Currently, we are aiming (and on track) to retire by 40-45 (about 10-15 years out). If things go well over the coming years, we will be moving that number up as far as we are able to.
If blogging isn’t your full time gig, what is?
I work as a Controller for a recycled paper manufacturer in Wisconsin. In other words, I spend most days creating and updating spreadsheets in Excel.
When you are 90 and look back on your life, what do you hope you have accomplished?
I hope that I didn’t settle for living someone else’s life. Instead, I want to know that I did everything I could to live a life that was important to me and that I spent time with people I cared about and activities that brought happiness to my life. I think that is all anyone can hope to achieve in their life.
What is the best money management or investment tool you have come across?
My favorite money tool out there is Digit. For people who aren’t aware of it, Digit links up to your checking account and analyzes your spending. Using their algorithm, they will find small amounts of money that they will transfer and save automatically to a Digit savings account – it helps you save money without even thinking about it!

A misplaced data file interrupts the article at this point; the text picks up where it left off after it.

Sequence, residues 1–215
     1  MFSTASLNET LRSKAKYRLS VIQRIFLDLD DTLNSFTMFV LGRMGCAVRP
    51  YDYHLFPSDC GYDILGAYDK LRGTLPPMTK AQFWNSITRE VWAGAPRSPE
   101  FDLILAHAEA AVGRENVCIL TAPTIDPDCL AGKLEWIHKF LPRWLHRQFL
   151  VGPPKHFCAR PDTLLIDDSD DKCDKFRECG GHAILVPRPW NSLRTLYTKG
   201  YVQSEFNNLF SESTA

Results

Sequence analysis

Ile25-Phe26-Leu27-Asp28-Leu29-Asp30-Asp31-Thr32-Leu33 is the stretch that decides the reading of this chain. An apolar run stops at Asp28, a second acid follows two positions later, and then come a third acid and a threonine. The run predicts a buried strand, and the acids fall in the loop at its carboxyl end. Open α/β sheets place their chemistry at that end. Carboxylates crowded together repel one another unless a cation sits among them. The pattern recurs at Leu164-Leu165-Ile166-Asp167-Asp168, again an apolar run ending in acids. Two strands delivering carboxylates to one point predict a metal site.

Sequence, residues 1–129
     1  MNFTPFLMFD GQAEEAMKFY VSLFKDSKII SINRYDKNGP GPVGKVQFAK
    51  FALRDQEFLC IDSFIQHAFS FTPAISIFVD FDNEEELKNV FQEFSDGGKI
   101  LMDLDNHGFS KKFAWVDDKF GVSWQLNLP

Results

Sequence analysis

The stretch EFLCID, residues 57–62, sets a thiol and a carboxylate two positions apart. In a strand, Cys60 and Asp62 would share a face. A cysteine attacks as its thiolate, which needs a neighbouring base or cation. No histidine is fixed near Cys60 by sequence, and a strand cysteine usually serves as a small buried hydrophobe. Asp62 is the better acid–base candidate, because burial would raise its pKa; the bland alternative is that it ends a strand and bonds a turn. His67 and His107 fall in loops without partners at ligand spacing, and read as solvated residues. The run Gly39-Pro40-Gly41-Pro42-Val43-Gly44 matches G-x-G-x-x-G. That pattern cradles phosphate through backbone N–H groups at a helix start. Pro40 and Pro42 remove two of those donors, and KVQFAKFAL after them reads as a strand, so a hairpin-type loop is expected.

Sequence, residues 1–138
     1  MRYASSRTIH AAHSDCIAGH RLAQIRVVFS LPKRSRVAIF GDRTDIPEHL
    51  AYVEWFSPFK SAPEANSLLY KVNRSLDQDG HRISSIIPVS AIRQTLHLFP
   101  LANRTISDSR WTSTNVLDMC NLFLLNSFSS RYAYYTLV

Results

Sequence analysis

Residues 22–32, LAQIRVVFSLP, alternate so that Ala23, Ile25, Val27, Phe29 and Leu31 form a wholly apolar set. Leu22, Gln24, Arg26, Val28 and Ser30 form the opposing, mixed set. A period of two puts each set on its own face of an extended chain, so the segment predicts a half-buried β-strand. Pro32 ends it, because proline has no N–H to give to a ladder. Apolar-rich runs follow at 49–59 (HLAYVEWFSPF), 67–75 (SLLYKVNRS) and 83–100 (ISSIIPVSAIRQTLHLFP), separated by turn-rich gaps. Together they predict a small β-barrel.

My favorite part about Digit is that it works through SMS so it opens up the possibilities of utilizing Digit in different ways. Some of the main uses I use Digit for is my freedom fund (or FU fund as most people know it) and to actually save the money you save on purchases. One quick text message and the money is transferred out of my checking account and the savings is locked in.
Did you grow up with money? How did your money situation growing up influence you?
We did not have money growing up. While I never felt that we were in trouble financially, I did feel tension caused by money. To this day, I still don’t really know what things were like growing up for us money wise because I still can’t get my parent’s to open up about money. We are one of those families were the topic is taboo. Even recently my dad semi-retired and I offered to help them through some of the financial planning and my offer was ignored because money isn’t something that we talked about.